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PrestonTom

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  1. I suggest using a cheap RMS voltmeter (or borrow one) and measuring the AC voltage out at low, middle and high frequencies. Is the AC output within 10-15% across these frequencies. If so, then it is accurate enough. If it is off by 50%, then that is off by 6dB, If it is down by 30% that is about 3 dB. That is for the output. As far as the input (the exact frequency), it will be close enough. Now, the big question regards the speaker output (you have only measured the voltage going into the speaker). That is the open question .... it depends on the speaker. That will require a microphone. Measuring this at very low frequencies can be problematic (mic placement and speaker location relative to walls, corners, etc). Good Luck, -Tom
  2. Geoff you are asking a reasonable question. Unfortunately too much folklore is involved. If the crossover frequency is around 500 Hz (I forget the exact number). The wavelength is 2 ft and longer. A bit of foam in the back does very little. So lets get the notion that it is absorbing the back wave off the table. What the foam or pressed fiberglass does is effectively "make the volume of the cabinet seem a bit larger". This where the VAS comes into play. When building JBL cabinets, the rule of thumb is that 1 inch lining will "create" a cabinet that is about 10% larger. So does your Kappa driver need to see "more volume". Adding foam can make a difference, does the cabinet design need It? If one wanted to be methodical, you could always do a before-and-after measure. Unfortunately, many on the forum do not start with a design based on goals. Yes, homework is involved. Good Luck, -Tom
  3. This reminds me of why it is difficult to diagnose and prescribe via the internet. I had a friend of a friend ..... who complained of sibilance (as he defined it). He had received all sorts of suggestions (taming things with a tube amp, all digital systems are bad, horns are bad, crossover need to be re-capped, change amps, sources, pre-amps, dampen this and dampen that, etc). I finally went over there since he lived near a friend I was visiting. The diaphragm on the mid-range compression driver was damaged along with some debris rattling around inside the driver. Th only reason I spotted it so quickly was that I had a similar problem a few years before. The sound was distinctive , especially when you ran some test tones through it at a sufficient volume. Although I referred to it as "harshness" and not "sibilance". Interestingly, the other speaker sounded fine. That data point, however, did not limit the suggestions for the "system-wide" cures regarding, amps, caps, etc, etc Good Luck, -Tom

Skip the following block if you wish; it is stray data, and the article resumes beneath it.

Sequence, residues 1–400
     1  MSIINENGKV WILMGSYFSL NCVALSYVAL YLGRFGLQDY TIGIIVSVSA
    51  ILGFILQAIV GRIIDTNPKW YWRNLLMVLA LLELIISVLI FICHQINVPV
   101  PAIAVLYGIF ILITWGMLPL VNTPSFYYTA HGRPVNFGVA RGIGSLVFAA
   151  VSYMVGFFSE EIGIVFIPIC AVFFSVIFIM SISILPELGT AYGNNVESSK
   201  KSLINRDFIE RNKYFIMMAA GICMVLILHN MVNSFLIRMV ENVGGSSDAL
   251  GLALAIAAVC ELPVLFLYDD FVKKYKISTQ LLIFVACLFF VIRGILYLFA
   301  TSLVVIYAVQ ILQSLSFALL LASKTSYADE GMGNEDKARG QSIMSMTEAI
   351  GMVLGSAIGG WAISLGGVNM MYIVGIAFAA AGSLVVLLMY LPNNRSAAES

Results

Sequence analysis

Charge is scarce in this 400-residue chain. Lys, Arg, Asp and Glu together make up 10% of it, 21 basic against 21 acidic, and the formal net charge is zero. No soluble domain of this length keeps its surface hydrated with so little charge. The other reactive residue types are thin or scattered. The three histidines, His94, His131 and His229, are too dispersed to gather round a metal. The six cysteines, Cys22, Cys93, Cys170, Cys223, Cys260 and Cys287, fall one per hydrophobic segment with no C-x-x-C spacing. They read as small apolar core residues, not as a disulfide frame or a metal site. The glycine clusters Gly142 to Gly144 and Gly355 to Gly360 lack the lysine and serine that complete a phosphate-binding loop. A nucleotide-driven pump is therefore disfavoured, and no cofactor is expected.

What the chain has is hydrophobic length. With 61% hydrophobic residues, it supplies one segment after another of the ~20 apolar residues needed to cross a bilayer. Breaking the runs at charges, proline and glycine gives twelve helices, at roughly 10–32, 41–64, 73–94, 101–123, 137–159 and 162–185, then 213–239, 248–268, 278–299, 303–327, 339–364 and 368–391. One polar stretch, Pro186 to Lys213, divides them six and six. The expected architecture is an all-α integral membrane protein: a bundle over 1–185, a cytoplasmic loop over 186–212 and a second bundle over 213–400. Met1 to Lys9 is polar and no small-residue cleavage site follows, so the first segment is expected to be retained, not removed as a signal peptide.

4. Those cabinets you built for your 2-channel system have always been an inspiration for me. Beautiful !!
  5. You guys need to be more systematic in your approach. 1) Look at the volume of the cabinet 2) Look at the VAS for the klipsch driver in question 3) Look at the VAS for the Kappa driver. Again, this an issue of design and not "try it and listen". That does not come until later. Hopefully, there will be some measurement in between. Good luck, -Tom
  6. It sounds like you have a good strategy. I also like bass horns. Good luck, -Tom
  7. Is it the horn or the driver? If it is the driver, then the K-53-K was used in the original (1985-1989). If it is just the diaphragm on the driver, then check with Klipsch or Bob Crites. If the horn is damaged, you would be surprised what you can do with epoxy. Good Luck, -Tom